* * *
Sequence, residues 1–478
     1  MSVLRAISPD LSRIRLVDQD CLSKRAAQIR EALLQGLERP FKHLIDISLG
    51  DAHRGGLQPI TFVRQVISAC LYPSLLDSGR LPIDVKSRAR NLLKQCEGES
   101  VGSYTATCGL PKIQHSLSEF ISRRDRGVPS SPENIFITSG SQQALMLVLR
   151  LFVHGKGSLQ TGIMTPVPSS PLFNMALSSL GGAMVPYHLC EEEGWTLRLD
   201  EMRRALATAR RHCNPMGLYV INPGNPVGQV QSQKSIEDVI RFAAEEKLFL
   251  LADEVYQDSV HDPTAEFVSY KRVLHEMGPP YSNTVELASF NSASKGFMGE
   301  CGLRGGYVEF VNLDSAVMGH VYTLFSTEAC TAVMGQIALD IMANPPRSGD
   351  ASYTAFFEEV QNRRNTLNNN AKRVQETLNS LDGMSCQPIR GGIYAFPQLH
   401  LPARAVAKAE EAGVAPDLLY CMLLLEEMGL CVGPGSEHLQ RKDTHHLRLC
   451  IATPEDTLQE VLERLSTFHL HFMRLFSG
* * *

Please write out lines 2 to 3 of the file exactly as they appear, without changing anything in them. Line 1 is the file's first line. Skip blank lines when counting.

     1  MSVLRAISPD LSRIRLVDQD CLSKRAAQIR EALLQGLERP FKHLIDISLG
    51  DAHRGGLQPI TFVRQVISAC LYPSLLDSGR LPIDVKSRAR NLLKQCEGES